Nearly 150 black Obama administration staffers penned an op-ed on Friday in support of freshman Democratic Reps. Alexandria Ocasio-CortezAlexandria Ocasio-CortezButtigieg campaign says 2000 people attended Iowa rally Trump keeps Obama immigration program, and Democrats blast him Democrat who opposed Trump, Clinton impeachment inquiries faces big test MORE (N.Y.), Ayanna PressleyAyanna PressleySanders, Omar to hit campaign trail in New Hampshire Booker unveils legislation for federal bill to ban discrimination against natural hair House approves two-state resolution in implicit rebuke of Trump MORE (Mass.), Rashida TlaibRashida Harbi TlaibSanders, Omar to hit campaign trail in New Hampshire House approves two-state resolution in implicit rebuke of Trump House moves ahead on long-stalled resolution supporting two states for Israelis and Palestinians MORE (Mich.) and Ilhan OmarIlhan OmarSanders, Omar to hit campaign trail in New Hampshire House approves two-state resolution in implicit rebuke of Trump Al Green calls for including Trump's 'racism' in impeachment articles MORE (Minn.), as well as those "currently under attack by President TrumpDonald John TrumpLawmakers prep ahead of impeachment hearing Democrats gear up for high-stakes Judiciary hearing Warren says she made almost M from legal work over past three decades MORE."

“We stand with congresswomen Ilhan Omar, Alexandria Ocasio-Cortez, Ayanna Pressley and Rashida Tlaib, as well as all those currently under attack by President Trump, along with his supporters and his enablers, who feel deputized to decide who belongs here — and who does not,”  the 148 African-American ex-staffers wrote in the Washington Post op-ed.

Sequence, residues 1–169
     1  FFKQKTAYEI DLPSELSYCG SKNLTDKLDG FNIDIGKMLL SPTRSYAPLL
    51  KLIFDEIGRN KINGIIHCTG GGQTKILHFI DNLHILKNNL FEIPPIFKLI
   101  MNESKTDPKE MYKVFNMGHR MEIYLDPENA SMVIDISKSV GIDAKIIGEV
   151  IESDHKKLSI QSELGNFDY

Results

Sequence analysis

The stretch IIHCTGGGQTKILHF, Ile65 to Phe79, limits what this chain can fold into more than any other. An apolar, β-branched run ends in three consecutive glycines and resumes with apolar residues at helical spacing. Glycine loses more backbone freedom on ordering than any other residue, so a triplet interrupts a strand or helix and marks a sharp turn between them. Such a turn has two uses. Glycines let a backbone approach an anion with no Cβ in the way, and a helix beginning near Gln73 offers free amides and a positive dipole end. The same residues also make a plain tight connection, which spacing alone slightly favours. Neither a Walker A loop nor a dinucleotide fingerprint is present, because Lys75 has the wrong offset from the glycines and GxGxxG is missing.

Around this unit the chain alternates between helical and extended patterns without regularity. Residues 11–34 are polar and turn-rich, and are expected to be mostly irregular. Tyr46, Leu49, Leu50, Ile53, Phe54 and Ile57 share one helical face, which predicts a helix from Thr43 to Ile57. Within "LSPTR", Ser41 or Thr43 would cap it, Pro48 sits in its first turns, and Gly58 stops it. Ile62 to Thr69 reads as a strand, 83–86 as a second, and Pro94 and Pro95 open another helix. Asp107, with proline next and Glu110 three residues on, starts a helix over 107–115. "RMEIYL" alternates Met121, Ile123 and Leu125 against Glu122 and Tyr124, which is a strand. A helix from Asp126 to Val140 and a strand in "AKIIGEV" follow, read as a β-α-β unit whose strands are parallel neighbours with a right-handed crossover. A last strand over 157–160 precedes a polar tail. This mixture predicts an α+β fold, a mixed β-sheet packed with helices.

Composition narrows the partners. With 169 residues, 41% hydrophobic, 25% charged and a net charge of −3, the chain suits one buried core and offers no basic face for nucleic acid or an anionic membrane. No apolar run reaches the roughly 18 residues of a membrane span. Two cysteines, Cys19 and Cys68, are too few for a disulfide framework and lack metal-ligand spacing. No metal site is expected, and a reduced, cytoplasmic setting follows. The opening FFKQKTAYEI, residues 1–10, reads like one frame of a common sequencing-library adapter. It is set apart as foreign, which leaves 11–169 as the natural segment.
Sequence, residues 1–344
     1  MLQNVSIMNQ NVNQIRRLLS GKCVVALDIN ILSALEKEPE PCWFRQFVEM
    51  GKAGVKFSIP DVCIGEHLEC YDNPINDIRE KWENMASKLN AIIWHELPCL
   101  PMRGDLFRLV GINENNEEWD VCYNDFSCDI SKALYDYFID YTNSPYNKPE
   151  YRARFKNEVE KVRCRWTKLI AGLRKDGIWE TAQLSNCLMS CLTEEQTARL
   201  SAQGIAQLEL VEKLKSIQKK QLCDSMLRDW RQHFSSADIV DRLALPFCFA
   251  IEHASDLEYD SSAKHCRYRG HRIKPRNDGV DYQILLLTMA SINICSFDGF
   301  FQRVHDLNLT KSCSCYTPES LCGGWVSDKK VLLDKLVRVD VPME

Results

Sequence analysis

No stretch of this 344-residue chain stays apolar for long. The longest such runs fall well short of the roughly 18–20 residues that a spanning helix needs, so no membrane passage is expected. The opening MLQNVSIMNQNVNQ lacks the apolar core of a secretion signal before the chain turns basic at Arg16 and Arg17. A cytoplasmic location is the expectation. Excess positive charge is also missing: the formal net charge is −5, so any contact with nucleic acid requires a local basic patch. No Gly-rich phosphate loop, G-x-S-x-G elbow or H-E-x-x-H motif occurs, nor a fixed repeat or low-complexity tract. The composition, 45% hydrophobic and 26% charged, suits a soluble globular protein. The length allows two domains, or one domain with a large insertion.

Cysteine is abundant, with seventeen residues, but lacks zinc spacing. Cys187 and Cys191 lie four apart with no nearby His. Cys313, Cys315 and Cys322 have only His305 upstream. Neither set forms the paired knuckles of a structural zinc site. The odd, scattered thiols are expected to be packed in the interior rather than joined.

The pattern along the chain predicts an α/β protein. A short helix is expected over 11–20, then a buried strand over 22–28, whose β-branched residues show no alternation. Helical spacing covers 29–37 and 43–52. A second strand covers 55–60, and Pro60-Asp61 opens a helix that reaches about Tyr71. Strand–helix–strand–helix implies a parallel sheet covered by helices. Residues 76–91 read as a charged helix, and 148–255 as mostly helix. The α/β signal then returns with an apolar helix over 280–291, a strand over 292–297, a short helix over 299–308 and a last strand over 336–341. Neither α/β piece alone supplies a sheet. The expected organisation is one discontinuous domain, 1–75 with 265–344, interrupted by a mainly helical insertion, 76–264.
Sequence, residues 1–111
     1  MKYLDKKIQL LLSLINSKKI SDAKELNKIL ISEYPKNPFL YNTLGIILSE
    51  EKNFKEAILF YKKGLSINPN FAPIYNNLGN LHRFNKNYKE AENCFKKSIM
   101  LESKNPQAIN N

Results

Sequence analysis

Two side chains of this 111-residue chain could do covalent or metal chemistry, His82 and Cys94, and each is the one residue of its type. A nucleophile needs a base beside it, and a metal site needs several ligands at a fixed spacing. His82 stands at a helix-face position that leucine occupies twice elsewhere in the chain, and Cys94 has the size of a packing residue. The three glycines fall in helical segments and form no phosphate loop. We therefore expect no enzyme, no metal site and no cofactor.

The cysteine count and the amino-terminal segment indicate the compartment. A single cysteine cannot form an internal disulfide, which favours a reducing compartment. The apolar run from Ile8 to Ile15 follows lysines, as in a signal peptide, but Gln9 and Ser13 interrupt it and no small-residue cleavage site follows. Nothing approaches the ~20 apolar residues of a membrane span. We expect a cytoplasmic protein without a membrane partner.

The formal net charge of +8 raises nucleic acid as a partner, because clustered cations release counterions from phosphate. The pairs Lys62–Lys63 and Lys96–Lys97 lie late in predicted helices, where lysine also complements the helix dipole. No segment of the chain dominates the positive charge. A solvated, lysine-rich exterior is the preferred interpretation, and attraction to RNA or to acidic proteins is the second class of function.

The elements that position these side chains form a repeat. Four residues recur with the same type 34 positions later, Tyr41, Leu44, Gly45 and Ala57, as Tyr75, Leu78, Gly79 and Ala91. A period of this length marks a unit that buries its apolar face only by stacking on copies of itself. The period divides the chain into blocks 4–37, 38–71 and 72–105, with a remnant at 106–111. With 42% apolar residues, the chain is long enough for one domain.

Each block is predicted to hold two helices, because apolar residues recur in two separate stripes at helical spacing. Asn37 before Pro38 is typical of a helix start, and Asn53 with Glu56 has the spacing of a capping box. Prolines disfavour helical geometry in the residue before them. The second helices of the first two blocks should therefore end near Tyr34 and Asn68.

The group wrote that during their time in the Obama administration, they had seen firsthand the "relentless attacks" on the former president's legitimacy.

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“We refuse to sit idly by as racism, sexism, homophobia and xenophobia are wielded by the president and any elected official complicit in the poisoning of our democracy,” they added.

The group urged local, state and federal lawmakers, as well as 2020 presidential candidates, to “articulate their policies and strategies for moving us forward as a strong democracy, through a racial-equity lens that prioritizes people over profit.”

“We understand our role in this democracy, and respect the promise of a nation built by, for and of immigrants,” they wrote. “We are part of that tradition, and have the strength to both respect our ancestors from faraway lands and the country we all call home.”

The op-ed comes weeks after Trump went on the attack against the Democratic women, telling each of them — all U.S. citizens and women of color — to "go back" to other countries. 

Days after going on the offensive against the congresswomen, Trump held a campaign rally in Greenville, N.C., during which supporters chanted “send her back,” about Omar. Omar came to the U.S. as a Somali refugee.

“We’ve heard this before. Go back where you came from. Go back to Africa. And now, ‘send her back,’” the ex-staffers wrote. “There is truly nothing more un-American than calling on fellow citizens to leave our country — by citing their immigrant roots, or ancestry, or their unwillingness to sit in quiet obedience while democracy is being undermined.”

Trump, who faced bipartisan criticism for his remarks, has insisted that the tweets and his later comments were not racist. Trump was one the most prominent proponents of the birther movement, which falsely held that Obama, who was born in Hawaii, is not a U.S. citizen.